This project involves the development and application of a classification scheme (i.e., taxonomy) to describe the PCORI-funded portfolio to internal staff and external stakeholders. The taxonomy is intended to assist with answering descriptive questions about the composition of the portfolio, including trends that emerge over time. In addition to describing PCORI funding, the taxonomy is intended to support strategic decision making related to PCORI funding, with a goal of funding research to improve the quality and relevance of evidence available to help patients, caregivers, providers, employers, insurers and policymakers make informed health decisions.

Infant and Maternal Mortality

Infant and Maternal Mortality

In 2016, the U.S. ranked 29th among the 35 Organisation for Economic Co-operation and Development (OECD) countries in the area of infant mortality, with 5.9 infant deaths per 1000. Further, while the infant mortality rate (IMR) average across the nationfor white babies is five deaths per 1000, this rate is 11 per 1000 for black babies. Our group has devoted many hours to help reduce this gap in IMR.

Ohio Equity Institute (OEI)
The overall goal of this evaluation effort is to examine the extent to which newly implemented programs (Centering Pregnancy, Home Visiting and Community Health Workers) serve high-risk Medicaid enrolled pregnant women and to assess the effect of these interventions on health care utilization and birth outcomes. OEI has collected data on more than 40,000 pregnancies in counties across Ohio to build the statistical power needed to examine an outcome as rare as infant mortality.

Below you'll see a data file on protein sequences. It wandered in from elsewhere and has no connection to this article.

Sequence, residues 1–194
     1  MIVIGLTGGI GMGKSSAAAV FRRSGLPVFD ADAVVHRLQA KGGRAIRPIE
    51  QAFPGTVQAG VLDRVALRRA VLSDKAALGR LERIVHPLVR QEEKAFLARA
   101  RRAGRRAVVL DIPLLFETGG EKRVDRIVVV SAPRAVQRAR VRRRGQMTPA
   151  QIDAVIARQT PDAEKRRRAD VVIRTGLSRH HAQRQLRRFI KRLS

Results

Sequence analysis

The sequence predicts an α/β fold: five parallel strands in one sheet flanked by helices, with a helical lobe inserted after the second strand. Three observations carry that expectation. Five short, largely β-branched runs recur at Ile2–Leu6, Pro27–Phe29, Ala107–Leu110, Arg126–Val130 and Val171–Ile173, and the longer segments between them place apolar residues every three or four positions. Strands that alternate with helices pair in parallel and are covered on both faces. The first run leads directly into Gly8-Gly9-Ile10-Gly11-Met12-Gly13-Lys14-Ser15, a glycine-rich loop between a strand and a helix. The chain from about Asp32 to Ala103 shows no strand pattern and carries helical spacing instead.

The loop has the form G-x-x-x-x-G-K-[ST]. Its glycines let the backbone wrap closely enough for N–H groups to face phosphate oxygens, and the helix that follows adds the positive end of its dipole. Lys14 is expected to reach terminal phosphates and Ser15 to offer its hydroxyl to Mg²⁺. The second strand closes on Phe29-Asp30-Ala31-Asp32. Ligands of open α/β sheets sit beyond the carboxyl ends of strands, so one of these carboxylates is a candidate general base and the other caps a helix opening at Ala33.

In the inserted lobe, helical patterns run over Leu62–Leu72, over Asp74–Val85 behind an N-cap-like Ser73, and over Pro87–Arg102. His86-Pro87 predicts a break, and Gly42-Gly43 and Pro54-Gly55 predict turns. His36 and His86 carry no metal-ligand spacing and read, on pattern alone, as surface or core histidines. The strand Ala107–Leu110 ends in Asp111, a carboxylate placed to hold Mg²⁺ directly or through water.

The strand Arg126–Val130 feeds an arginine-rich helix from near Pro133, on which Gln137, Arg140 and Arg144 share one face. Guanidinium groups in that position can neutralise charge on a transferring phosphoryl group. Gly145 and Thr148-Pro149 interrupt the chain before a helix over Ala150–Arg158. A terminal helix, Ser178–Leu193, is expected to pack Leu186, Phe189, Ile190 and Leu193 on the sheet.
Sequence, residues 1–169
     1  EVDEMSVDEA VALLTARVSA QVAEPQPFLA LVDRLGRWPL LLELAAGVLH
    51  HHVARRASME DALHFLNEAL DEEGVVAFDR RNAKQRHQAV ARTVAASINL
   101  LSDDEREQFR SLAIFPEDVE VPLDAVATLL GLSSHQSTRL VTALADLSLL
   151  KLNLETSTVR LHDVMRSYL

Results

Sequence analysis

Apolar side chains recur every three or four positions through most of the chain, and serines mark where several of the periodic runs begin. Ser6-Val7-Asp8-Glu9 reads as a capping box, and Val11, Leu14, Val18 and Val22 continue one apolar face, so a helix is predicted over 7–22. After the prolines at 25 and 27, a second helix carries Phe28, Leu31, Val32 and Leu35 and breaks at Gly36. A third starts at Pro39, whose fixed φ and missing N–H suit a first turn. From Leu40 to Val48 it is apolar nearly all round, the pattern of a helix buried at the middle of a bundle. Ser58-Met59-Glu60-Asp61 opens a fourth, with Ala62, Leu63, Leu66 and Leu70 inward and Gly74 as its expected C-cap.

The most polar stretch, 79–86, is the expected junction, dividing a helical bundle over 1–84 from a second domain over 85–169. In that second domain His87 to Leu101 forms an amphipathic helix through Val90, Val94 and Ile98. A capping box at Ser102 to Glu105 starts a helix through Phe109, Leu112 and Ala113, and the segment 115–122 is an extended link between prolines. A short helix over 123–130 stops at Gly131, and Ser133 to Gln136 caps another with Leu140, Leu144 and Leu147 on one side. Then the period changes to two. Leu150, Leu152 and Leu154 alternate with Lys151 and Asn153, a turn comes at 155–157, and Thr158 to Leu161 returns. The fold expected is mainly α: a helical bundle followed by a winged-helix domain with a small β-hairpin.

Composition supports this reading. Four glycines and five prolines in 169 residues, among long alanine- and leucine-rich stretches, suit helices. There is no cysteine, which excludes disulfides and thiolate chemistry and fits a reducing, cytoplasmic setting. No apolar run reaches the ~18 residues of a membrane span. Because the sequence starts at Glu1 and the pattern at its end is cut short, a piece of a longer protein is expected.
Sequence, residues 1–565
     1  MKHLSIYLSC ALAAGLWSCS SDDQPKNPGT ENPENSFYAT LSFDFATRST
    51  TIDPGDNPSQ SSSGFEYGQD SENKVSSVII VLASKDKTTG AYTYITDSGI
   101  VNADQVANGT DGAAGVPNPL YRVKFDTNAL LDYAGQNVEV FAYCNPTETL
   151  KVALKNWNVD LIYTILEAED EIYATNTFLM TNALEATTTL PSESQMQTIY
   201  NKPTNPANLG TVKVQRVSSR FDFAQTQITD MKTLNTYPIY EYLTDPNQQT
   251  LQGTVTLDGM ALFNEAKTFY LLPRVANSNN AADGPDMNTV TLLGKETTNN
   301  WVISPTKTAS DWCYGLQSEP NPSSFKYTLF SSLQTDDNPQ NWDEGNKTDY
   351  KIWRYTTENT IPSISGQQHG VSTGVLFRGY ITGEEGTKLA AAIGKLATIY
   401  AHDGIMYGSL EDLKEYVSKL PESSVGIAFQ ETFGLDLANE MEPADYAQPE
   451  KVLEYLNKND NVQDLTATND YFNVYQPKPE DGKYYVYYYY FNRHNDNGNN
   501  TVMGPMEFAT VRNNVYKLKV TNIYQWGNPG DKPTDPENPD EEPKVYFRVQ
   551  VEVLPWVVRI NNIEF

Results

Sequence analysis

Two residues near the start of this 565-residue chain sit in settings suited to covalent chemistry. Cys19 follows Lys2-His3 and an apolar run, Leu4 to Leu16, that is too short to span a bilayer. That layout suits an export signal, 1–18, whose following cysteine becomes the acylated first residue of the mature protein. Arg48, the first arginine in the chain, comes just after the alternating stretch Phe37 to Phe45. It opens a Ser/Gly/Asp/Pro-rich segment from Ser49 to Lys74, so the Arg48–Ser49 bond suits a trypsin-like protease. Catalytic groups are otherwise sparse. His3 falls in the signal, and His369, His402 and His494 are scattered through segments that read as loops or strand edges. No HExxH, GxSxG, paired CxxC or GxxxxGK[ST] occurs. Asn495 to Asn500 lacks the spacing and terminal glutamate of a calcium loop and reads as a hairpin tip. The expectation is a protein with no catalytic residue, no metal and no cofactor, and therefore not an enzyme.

Ohio Infant Mortality Reduction Initiative (OIMRI) Project 1

The primary goal of this project was to determine the effectiveness of a home visit program on birth outcomes in Ohio. Our evaluation was organized as a responsive, mixed-methods approach. Specifically, we addressed social determinants of health, OIMRI Infant Mortality Research Partnership outreach and engagement of high-risk populations, utilization of health services, quality of care and health outcomes and disparities. Additionally, we provided information on processes in place at each OIMRI intervention site, outcomes currently assessed through OIMRI intervention sites, OIMRI participant data linked to birth records and linkages to data available through the Infant Mortality Research Partnership.

Ohio Infant Mortality Reduction Initiative (OIMRI) Project 2

This project will evaluate multiple programs aiming to improve birth outcomes and reduce racial disparities in infant deaths across nine Ohio counties. Specifically, we will oversee the collection and evaluation of data related to processes and outcomes of note involving health care utilization, family planning and births.

Implementation Science Assessment of the Merck for Mothers Obstetric Emergency Safety Bundles Program

The aim of the Merck for Mothers (MfM) implementation assessment project was to understand the implementation strategies for obstetric emergency safety bundles, including the facilitators and barriers to implementation experienced by the participating partners. A secondary aim was to corroborate the experience of the organizational partners with the experiences of hospitals where obstetric safety bundles were implemented. The overall goal of this evaluation was to provide recommendations on best practices for the implementation of the obstetric safety bundles for future dissemination efforts for both partners and hospitals.